C. LOWER-LEVEL JAPANESE WAR CRIMINALS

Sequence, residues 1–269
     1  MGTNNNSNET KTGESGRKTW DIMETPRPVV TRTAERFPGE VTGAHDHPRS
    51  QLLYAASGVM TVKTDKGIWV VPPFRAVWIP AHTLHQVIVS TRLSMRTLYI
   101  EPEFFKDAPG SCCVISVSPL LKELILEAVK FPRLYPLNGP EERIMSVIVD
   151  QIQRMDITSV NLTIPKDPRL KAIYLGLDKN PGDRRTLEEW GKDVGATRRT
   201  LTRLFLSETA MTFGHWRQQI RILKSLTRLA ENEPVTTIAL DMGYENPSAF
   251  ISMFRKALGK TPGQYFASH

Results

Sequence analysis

The USG and some other Allies seriously considered and implemented at least five transitional justice options for addressing Japanese suspected of committing lesser atrocities: (1) prosecution in U.S. military tribunals, (2) appeal in a U.S. civilian court, (3) prosecution in military courts established by other states, (4) de facto conditional amnesty, and (5) lustration. Those Japanese whom the USG and its allies decided to hold accountable were prosecuted through unilateral, ad hoc Allied military tribunals (options 1 and 3). Some of those cases were (unsuccessfully) appealed to the USG’s permanent domestic federal judiciary, including the U.S. Supreme Court (option 2). Many of these and other Japanese Classes B and C war criminals also were the targets of lustration (option 5). Others whom the USG did not hold accountable, including several thousand Japanese involved in medical experimentation, were effectively provided de facto conditional amnesty (option 4) because the USG presumably would have revoked immunity had they not cooperated.